This film was shot in the depths of a Canadian winter but the good memories persist today.
Can you tell us anything that you think would be of interest to the Mill Hill School community?
In my day, back in the late 1950s, getting a job was not difficult. I walked into Warner Bros Films on Wardour Street purely on impulse, asked to see the Personnel Manager who saw me in her office and I asked for a job. I had no idea what would be offered but I was asked to start the following Monday.
Today’s job market is totally different, with many people having to take several part time jobs just to be able to make enough for rent, food and travel. The idea of a job-for-life is more of a rarity today. People move around much more. Our youth need more support than we did, and we Old Millhillains, who have achieved something in life, should be willing to dispense help and advice. Remember, we were them once!
The only time that the topic of a job arose at school was when the Careers Master appeared for a day to dispense suggestions, most of which were cookie-cutter ideas like architect, accountant or lawyer. I believe that education should be tackling the issue of ‘Life After School’ long before final year. Students need to learn what the real world is all about. They should be taught how to write resumes, how to apply for a job and how to behave at an interview, including what to wear. They should be taught money management, how to lease a flat or premises, how to budget. Anyone leaving school with that sort of information under their belts will have a head start which no number of ‘O’ and ‘A’ Levels can provide.
Could you share an inspirational quote with us? How does it inspire you?
There are a couple that come to mind. In my early days as an entrepreneur I never found a bank who believed anyone could run a magic business and make money. “Too risky”. “I don’t see any future for you”. “Will you be able to pay us back?” These negative responses were because the bank managers had no concept of my business and it was easier for them to say “no” than to take what they perceived as a risk.
(a) “Believe in yourself…. because someone has to.”
(b) “Winners never quit and quitters never win”.
Unless one has really deep pockets and can ride out the ups and downs of opening a new business, most entrepreneurs set up on a shoestring. They make a mistake and they fall at the first hurdle. They never carry on because they think they are a failure.
Experience is the result of making many mistakes and learning from them. Apart from own dogged in-built belief (a) that I would succeed, I was absolutely certain that I was being tested every inch of the way. If something went wrong it was because some Greater Power wanted to see if I could overcome the problem. If I did, then there would be another problem that would present itself down the road. This persisted throughout my entrepreneurial career but I learned a lesson from all the early mistakes or hiccups and did not repeat them later. I refused to quit. Quitting was not in my vocabulary and even if things got tight sometimes, I knew that I should believe in myself (a) and learn from my mistakes and carry on (b).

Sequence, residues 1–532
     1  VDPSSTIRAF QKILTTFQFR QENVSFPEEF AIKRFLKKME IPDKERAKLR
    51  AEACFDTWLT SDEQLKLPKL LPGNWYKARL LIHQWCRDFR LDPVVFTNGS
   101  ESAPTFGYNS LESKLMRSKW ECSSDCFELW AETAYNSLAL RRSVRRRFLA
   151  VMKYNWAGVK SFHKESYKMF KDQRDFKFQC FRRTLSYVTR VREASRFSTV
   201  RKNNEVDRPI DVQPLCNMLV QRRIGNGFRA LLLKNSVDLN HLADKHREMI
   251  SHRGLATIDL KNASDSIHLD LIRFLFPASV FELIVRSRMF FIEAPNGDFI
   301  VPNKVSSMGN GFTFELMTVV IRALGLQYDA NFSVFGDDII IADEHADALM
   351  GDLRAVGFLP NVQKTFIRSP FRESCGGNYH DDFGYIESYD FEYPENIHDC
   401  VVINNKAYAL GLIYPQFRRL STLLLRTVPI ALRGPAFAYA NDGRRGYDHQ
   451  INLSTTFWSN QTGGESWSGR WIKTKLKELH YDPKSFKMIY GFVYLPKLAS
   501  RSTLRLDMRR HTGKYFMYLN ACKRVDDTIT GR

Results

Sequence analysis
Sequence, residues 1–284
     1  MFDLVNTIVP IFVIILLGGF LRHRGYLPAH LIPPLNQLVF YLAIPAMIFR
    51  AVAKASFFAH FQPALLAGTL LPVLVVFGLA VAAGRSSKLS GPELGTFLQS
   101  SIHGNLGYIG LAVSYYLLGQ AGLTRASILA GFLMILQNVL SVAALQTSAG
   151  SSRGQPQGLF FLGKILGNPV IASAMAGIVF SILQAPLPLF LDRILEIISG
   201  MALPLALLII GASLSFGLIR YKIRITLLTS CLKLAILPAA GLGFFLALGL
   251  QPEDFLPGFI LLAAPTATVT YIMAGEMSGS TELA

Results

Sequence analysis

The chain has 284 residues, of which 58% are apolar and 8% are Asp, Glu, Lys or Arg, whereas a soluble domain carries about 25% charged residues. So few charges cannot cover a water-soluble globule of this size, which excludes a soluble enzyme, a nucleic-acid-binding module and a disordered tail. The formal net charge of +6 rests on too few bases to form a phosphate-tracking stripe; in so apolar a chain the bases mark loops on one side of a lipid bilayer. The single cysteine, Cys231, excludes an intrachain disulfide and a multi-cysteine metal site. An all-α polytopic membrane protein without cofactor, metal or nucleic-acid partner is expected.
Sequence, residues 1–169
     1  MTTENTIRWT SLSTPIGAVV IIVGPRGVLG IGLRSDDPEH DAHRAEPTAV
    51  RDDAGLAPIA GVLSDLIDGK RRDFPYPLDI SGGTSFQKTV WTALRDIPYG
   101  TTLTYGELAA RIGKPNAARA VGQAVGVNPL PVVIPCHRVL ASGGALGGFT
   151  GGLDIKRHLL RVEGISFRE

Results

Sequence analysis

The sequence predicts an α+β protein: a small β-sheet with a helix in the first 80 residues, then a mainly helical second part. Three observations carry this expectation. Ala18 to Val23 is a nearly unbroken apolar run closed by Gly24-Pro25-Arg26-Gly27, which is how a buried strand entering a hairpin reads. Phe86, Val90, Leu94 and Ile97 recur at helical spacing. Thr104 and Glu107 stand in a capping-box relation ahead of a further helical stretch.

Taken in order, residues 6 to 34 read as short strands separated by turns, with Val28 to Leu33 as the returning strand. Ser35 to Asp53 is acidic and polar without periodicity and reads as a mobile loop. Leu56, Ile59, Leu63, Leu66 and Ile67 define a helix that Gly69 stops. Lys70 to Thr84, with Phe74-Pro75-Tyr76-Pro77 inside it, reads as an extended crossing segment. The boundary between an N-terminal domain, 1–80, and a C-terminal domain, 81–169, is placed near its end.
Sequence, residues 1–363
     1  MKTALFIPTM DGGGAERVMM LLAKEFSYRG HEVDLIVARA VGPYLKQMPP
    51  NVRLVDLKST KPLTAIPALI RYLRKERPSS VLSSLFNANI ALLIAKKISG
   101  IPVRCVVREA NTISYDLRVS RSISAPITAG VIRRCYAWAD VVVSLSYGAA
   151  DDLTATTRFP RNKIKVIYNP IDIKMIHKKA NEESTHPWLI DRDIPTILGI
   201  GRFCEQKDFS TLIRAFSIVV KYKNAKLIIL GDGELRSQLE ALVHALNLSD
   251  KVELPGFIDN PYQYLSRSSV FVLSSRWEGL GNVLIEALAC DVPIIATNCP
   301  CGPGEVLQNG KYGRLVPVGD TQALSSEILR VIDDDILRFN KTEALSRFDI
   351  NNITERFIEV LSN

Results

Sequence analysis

There is another saying, “If you think you cannot do it, then you can’t, but if you think you CAN do it, then you can.”
It is all about attitude. Think positively and you will succeed. Ignore the naysayers because if you believe in yourself and what you are doing, you can be a success. If you want a funny story, you should hear what happened in my final term at Mill Hill School when it was my turn to sit down with the careers master in the Large!
Do you have any career advice for our pupils?
I think everybody’s situation is different. Advice for one person would not suit another. One can generalise and quote platitudes. No matter what career path you follow, learn from your mistakes because it is from them that we accrue experience which then makes us better at what we do.
There is a saying “If you love your job you will never work a day in your life”. The majority of people end up working their 9-5 jobs and cannot wait to retire just to get off the treadmill. But, if you really like the work you do (and I certainly did with my magic business) then you look forward to going to work every day. For me, whilst I ran my company, I was having fun every day and earning money in the process. I was being paid to enjoy myself every day.
Granted, there were ups and downs, but that is the nature of the world of the self-employed. You just need to ensure the ups outnumber the downs. Nearly all my life, whether it was my immediate family or even my ex-wife, there was never a real acknowledgement that what I was doing was actual work. I cannot recall the number of times I was asked “Why don’t you get a real job?” If I went to work from 9-5 that question would probably never have been posed as I would have fallen into the same rut as every other 9-5 worker.
Definition of a rut: A grave with no ends.
As far as I was concerned I had a “real” job. I made money, I owned property and probably did a lot better than many others. If you want to start a business, find a mentor who has been doing this for years. He or she will have made many of the mistakes you have yet to make. Save time, use their experience as you won’t live long enough to make all the mistakes yourself!